Cybersecurity is at an all-time high — and “bad actors” are getting more creative when it comes to how they prey on internet users, experts warn.
Increasingly sophisticated cyber threats are being carried out on companies and individuals alike, and nobody is safe.
Some cybersecurity breaches involve vast amounts of private data, like the 2017 Equifax data breach or the more 540 million Facebook (FB) users records that were found on an exposed server. Or they could involve compromising a social media profile — as Twitter CEO Jack Dorsey found out last week.
One thing is for sure: Cyber scams and the hackers who create them have evolved from the primitive techniques they used to use.
Cyber criminals have “become, sort of, super criminals,” Patrick Peterson, CEO of cybersecurity firm Agari, told Yahoo Finance recently.
Founded in 2009, Agari’s platform provides mail threat detection and prevention service using AI cyber technology to protect individuals and organizations.The company claims more than 400 big-name clients, including Apple (AAPL), Google (GOOGL) and Microsoft (MSFT), and government agencies.
For both companies and citizens, the stakes are high and rising. Between 2013 and 2018, more than $13.5 billion alone has been lost lost to business email compromise (BEC) attacks, according to data compiled by cybersecurity company Agari, in part with FBI's Internet Complaint Center.
Unwitting employees click on a seemingly legitimate communication — and disaster ensues.
Cyber crooks are “actually infecting an email account and using that to reply to someone to ask for an invoice to be paid, or a supplier to be paid,” said Peterson.
Nearly two-thirds (65%) of all BEC attacks observed by Agari requested that the target purchase gift cards, and then send them to the attacker.
The company’s cyber intelligence division has been tracking and following a West African cyber-gang that has been attacking a mix of individuals and corporate email accounts. The group is looking to obtain the transfer of funds or sensitive information.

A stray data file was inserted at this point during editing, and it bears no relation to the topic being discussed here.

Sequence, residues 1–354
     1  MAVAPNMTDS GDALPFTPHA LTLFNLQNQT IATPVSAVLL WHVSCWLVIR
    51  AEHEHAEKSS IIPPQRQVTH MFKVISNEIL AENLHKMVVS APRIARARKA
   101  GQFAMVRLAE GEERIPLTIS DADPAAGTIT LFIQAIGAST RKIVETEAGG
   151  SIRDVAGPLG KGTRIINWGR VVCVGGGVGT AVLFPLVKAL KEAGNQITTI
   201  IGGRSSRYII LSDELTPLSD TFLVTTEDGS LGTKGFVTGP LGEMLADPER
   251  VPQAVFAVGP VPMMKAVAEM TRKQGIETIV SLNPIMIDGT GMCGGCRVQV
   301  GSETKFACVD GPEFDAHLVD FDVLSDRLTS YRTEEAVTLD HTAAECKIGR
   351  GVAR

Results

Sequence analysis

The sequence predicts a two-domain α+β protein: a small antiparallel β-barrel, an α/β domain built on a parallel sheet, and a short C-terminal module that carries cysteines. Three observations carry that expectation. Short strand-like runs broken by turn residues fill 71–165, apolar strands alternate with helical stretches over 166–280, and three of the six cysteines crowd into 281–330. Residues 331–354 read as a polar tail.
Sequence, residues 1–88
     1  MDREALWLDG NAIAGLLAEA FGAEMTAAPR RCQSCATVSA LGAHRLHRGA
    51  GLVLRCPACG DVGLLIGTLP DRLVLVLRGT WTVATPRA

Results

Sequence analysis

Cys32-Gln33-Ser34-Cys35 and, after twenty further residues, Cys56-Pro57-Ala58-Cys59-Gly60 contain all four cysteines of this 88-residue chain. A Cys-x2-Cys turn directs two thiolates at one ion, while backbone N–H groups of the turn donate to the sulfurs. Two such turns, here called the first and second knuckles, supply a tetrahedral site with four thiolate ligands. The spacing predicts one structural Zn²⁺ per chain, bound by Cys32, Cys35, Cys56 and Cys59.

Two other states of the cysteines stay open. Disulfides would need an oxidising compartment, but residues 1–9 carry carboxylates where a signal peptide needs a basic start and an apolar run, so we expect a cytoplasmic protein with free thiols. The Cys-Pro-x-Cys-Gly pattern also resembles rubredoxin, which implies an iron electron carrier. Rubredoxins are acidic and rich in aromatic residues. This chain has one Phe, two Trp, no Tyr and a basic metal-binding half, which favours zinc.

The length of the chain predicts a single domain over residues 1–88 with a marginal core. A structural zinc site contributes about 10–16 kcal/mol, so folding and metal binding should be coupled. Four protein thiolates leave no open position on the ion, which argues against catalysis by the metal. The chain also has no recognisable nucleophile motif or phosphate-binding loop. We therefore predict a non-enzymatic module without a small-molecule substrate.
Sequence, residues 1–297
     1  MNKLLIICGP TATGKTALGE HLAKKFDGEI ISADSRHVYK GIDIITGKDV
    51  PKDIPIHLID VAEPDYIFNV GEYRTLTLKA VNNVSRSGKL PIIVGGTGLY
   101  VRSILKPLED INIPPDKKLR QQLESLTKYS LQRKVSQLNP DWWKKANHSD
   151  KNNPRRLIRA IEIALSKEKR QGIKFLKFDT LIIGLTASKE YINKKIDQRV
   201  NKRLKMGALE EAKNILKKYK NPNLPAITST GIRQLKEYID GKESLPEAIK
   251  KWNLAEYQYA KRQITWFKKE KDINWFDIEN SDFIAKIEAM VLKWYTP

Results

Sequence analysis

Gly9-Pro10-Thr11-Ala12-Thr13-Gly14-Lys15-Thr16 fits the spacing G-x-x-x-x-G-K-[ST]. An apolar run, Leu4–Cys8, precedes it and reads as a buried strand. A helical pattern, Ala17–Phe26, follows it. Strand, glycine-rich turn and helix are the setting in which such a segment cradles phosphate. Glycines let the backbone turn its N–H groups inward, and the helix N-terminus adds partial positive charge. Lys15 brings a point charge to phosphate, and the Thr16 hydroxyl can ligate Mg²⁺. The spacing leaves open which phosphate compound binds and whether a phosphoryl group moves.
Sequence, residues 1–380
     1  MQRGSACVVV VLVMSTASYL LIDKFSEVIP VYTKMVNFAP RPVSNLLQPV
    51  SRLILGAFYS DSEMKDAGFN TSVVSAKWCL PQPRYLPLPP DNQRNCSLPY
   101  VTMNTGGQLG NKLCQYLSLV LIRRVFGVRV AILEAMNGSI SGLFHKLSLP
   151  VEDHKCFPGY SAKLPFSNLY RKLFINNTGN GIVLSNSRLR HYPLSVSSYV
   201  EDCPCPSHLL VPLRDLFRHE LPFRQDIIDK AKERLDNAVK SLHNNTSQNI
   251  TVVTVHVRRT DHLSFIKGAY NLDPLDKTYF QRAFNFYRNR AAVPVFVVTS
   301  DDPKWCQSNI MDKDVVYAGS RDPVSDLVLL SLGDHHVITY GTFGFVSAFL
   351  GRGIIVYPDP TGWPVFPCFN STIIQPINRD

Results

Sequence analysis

Dubbed by the cybersecurity company as “Silent Staring” the group has been primarily targeting American organizations.One of those is Caterpillar (CAT), which recently reported that it lost $11 million in a vendor impersonation attack.
Mark Ferguson, a former chief information security officer at Honeywell, told Yahoo Finance the U.S. has a “scalability issue.”
“When you’ve got a lot of big organizations in the United States, they’re going to attack the United States,” said Ferguson.
Meanwhile, Agari’s focus is to prevent business email compromise (BEC) attacks. “Once they get in that supply chain, they’re in a trusted echo-system boundary. So we’re evolving our technologies to be able to stop that,” said Peterson.
“It’s also a call for action to the industry to work together because enterprises can no longer just support and secure themselves, they’ve got to think about their partners and their partners-partners, if we’re going to be secure together,” he added.
“There’s so much information that people put out there now and it’s so easy to gather that information,” said Ferguson. With the surge in social media use, criminals are “gathering this information up and they’re able to build pretty powerful profiles on people, and then go and exploit that.”
Sarah Smith is a Segment Producer/Booker at Yahoo Finance. Follow her on Twitter @sarahasmith